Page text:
This is the first part of the Blog Tour for Mary Kubica‘s Don’t You Cry, in which she writes about a book that changed her life. It’s not a book I’m familiar with, but I suspect it will be better known in the States than here. In any case, over to Mary:
The Book That Changed My Life
The first time I read Tim O’Brien’s Vietnam War memoir, The Things They Carried, I was in my second year of college, working toward a degree in history and American literature. I’d loved to read for as long as I could remember and had a deep fondness for history. I was preparing to be a teacher, which I did for many years before deciding to take time off and raise a family and, as luck would have it, begin a completely different career as an author.
To say I was moved the first time I read The Things They Carried would be putting it mildly. The book is about something I personally know nothing about – young male soldiers at war – and yet their stories resonated with me more deeply and completely than any I’d ever read before. It’s dark and gritty, dismal and depressing, and yet beautiful and courageous all at the same time. With brutal honesty that both saddens and staggers, O’Brien explores the day to day realities of the atrocities of war.
But this book is so much more, too. It isn’t just a novel about the Vietnam War, but rather the fear that imbues these young soldiers’ lives, the grief of having to leave past lives behind, the transformation of boys to men as they kill enemies and watch their friends die right before their eyes. It’s about the boys they were before the war began, and their lives after, and all the experiences, both positive and negative, in between. It’s about things they were forced to carry for the many months and years they were at battle: weapons and ammunition, the Bible, letters from lost loves, but more importantly the overwhelming weight of regret, fear, sadness, and grief.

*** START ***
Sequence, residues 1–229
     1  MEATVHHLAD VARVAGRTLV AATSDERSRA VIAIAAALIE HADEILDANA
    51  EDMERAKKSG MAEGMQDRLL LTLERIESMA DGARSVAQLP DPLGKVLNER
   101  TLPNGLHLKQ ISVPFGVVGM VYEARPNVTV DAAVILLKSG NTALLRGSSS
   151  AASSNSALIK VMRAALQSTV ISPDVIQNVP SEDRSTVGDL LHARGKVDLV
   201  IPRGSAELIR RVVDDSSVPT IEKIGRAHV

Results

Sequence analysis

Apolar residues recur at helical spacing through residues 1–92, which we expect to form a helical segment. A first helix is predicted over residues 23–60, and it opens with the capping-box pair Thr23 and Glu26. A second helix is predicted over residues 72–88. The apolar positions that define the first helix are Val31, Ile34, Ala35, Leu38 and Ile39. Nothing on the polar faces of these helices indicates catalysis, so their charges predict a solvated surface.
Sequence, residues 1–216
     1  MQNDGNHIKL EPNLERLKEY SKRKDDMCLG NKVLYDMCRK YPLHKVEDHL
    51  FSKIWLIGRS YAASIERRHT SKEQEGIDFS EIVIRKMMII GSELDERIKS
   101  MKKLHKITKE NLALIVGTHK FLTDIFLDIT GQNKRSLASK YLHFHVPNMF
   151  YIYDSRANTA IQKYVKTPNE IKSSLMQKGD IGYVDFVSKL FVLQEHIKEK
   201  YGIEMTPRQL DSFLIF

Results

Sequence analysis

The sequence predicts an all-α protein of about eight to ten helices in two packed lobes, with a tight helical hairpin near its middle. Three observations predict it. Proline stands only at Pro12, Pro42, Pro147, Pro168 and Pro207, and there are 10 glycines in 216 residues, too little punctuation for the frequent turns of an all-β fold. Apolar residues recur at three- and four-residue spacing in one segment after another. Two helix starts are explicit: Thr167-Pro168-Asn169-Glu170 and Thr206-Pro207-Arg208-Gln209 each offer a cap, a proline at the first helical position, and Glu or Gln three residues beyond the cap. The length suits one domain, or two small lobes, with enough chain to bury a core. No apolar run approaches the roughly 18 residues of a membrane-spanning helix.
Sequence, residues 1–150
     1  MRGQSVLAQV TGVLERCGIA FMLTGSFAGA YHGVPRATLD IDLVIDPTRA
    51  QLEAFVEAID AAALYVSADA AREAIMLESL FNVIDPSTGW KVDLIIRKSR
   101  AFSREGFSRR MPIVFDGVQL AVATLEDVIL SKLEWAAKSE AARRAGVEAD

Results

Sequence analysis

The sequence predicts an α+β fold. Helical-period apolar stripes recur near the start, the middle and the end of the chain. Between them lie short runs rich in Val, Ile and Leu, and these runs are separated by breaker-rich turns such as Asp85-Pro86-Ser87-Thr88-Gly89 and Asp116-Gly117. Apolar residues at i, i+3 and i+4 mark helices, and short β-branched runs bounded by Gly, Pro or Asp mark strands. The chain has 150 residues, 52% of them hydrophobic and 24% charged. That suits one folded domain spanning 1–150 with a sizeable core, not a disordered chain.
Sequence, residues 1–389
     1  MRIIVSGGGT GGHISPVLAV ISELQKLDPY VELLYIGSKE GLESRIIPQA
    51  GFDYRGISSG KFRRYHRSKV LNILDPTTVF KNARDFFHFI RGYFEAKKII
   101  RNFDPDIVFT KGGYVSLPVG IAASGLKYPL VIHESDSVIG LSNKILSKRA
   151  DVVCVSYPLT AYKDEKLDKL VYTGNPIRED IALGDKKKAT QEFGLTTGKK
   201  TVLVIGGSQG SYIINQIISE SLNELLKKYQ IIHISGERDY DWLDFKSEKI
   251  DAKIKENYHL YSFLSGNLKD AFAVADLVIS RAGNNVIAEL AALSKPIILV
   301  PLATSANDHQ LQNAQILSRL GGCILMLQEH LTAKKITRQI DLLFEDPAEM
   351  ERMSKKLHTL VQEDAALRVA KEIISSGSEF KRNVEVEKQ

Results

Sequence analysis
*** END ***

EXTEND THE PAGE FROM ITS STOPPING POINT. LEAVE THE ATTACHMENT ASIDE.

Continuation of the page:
I rarely read books more than once. There’s no need to have more than one copy of any book in one’s home, and yet I do. I have three copies of The Things They Carried, and when I’m feeling anxious or upset, I sit down and read a chapter or two of a novel I’ve come to know by heart, like a conversation with a familiar and trusted friend.
The Things They Carried instilled in me a greater awareness of the human spirit, the perils of war and the sanctity of human life. It inspired me to have a greater appreciation for all life, and to take nothing in this world for granted. It helped ignite my passion for writing by seeing the emotion O’Brien carried through to his readers, even those whose knowledge of the Vietnam War were slim. It’s clear to see the way O’Brien’s novel transports readers to a different time in history and a far different locale, so that we became one with the soldiers in his book; their lives becomes our lives, and as an author, this inspired me to want to do the same with my books, to bring my characters to life on the page and to transport my readers to their world.
For anyone who hasn’t yet read O’Brien’s masterpiece, I’d highly recommend it.
Thanks so much, Mary. I know the Vietnam War doesn’t have the same resonance in the UK, for obvious reasons, but this sounds like a book that would be worth reading for anyone who wants to further understand the effects of any war.